Fatherhood, a treasured Cary Grant role
Cary Grant wanted a life away from the silver screen in 1966 after three decades of superstardom in such classics as “North by Northwest,” “Gunga Din,” “The Philadelphia Story” and “Bringing Up Baby.” So Grant, then 62, gave up his career for what he felt would be the greatest role of his life: doting father.
“He retired to be with me,” said his daughter, Jennifer Grant. “That is hard to believe in and of itself. He put all of his focus, really, on me. Most people don’t have the luxury to retire; most people don’t want until their 60s to have a child.’
The tall, whippet-slim Grant, now 45, looks a lot like her mother, Oscar-nominated actress Dyan Cannon, but possesses her father’s dark hair and dancing eyes. Grant’s parents divorced in 1968 when she was 2.
Grant, who followed in her parents’ footsteps and acted in such projects as the original “Beverly Hills, 90210" and the short-lived sitcom “Movie Stars,” has written a sweet memoir about her handsome, suave father, “Good Stuff: A Reminiscence of My Father, Cary Grant.”
She says she waited nearly 25 years after his death at age 82 to write about her life with her dad.
“I was finally ready to share him,” Grant said over lunch at the Polo Lounge. “It’s taken me a long time to be able to let go.”
Grant hasn’t paid attention to any of the biographies that have come out about her father since his death. She does address the rumor that he was gay — she dismisses it in one chapter. Though she’s seen all of her father’s films, Grant doesn’t go into depth about any of his movies. The only one she ever saw with him was the 1957 classic “An Affair to Remember.”
Cary Grant tape recorded their life together. The older Jennifer Grant got, the more they treated these recordings as a game. “At first, of course, I didn’t know [what was going on]. There is a picture of me out on the patio when I was about 2 or 3, looking at the tape recorder and pretending to speak into the microphone.”
Her father didn’t listen to the recordings; he made them for Grant for when she was older. “I knew he might not be around forever,” she said.
Cary Grant also collected letters, pictures, home movies and other memorabilia.
“There’s boxes and boxes of stuff,” said Grant, who named her toddler son after her father. “I didn’t know quite how much until after he passed away.”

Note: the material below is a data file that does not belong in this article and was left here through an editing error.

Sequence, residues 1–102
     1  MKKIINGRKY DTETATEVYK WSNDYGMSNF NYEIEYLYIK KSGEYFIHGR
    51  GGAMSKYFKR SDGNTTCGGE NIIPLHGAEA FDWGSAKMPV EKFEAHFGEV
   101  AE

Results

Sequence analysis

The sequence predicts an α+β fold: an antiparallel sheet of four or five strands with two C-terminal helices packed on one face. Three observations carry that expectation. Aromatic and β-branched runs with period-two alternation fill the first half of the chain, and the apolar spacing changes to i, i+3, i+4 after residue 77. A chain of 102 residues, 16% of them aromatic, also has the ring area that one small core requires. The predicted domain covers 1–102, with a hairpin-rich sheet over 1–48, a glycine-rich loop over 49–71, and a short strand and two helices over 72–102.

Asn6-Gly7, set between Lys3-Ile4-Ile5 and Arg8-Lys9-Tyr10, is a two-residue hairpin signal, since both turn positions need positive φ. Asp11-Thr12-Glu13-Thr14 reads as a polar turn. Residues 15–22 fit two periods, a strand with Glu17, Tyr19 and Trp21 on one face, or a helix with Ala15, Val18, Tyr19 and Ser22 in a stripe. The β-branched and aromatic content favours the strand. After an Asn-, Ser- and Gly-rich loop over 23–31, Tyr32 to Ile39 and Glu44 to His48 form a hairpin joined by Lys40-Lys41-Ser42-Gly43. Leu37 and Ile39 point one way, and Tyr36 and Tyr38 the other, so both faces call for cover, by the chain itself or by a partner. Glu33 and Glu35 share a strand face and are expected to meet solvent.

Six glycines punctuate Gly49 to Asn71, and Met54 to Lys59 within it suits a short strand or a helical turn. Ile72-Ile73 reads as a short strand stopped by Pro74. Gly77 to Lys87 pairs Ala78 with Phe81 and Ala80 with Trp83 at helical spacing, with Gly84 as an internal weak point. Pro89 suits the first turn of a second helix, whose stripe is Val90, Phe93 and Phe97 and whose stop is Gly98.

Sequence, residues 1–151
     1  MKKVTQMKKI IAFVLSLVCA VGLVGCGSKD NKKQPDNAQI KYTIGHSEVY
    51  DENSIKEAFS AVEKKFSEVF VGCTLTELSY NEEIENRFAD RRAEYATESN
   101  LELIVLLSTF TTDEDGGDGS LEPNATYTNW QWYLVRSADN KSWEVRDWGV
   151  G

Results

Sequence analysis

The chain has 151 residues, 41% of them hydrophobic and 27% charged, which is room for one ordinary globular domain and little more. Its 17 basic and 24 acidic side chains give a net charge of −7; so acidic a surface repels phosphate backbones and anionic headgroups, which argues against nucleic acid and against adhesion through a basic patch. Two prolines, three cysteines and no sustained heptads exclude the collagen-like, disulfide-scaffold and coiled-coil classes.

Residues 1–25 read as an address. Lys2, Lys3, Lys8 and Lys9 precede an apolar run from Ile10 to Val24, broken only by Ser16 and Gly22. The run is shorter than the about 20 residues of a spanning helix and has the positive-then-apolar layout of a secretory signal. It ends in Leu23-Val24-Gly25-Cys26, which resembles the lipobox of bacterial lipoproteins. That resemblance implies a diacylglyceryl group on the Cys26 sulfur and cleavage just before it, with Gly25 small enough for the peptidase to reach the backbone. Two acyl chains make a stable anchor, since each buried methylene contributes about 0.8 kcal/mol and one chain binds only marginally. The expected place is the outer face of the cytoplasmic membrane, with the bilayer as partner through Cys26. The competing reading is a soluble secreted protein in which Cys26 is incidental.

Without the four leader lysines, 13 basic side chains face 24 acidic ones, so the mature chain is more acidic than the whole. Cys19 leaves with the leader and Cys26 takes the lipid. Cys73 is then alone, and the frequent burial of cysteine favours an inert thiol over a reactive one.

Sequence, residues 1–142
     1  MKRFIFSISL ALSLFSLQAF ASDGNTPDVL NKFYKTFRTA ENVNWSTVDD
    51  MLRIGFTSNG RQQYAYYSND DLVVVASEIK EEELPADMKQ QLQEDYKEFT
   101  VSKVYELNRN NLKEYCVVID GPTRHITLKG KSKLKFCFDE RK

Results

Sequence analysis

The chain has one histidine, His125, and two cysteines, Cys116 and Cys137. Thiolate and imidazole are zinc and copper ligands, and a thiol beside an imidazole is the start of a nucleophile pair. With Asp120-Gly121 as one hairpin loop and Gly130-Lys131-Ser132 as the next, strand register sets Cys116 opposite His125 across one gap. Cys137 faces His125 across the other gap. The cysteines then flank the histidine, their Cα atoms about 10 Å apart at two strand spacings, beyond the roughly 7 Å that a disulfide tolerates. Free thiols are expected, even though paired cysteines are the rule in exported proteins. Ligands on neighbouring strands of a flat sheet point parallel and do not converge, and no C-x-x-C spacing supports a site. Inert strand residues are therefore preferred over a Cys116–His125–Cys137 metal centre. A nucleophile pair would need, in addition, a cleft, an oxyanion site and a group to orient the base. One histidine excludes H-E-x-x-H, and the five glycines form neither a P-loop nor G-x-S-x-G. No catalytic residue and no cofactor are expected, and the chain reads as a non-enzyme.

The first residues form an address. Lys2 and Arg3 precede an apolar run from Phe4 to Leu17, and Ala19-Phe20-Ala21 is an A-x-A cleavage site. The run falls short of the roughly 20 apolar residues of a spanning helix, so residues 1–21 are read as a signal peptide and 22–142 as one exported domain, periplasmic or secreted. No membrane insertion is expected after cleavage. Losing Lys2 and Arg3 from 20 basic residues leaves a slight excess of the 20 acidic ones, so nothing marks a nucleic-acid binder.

Grant spent every other weekend with her father, as well as Mondays and half of vacations. If her mother was away on location making movies, she would stay with her father in Beverly Hills. But he would sneak in fleeting moments with her whenever he could. When Grant was in kindergarten at the Buckley School in Sherman Oaks, she would take the bus to school every morning from Beverly Hills.
“Dad would park along the route,” Grant said. “He would sit in the car and wait. We would just wave. It’s pretty far-out stuff. But what people do know about him — how much energy, charisma, warmth and wit — he translated all of that into fatherhood.”
Grant and her father enjoyed going to dude ranches. “He wanted to take me places, but the difficulty is if you are Cary Grant, you walk in and the whole word turns and your time becomes dealing with everybody. So we had to find spots where we would have enough privacy. With dude ranches, there are maybe 30 people at a time, so you could get the Cary Grant factor out fast and then you could enjoy your week of riding and being together.”
Of course, Grant and her father did have squabbles. When he got mad, “it was like a very gray day.” His voice, Grant recalled, “was very deep and very slow. He would just give me three-word answers.”
When she was home from Stanford, her curfew was 11:30 p.m. because he worried about her. “He and Barbara [fifth wife Barbara Harris] would leave the hall door open, and I would just say, ‘I’m home.’ He would say, ‘Thank you, darling. See you in the morning.’ I was very rarely late. I didn’t want him to worry.”
One of Cary Grant’s costars in 1957’s “Kiss Them for Me” was known more for her measurements than her acting. Who was she?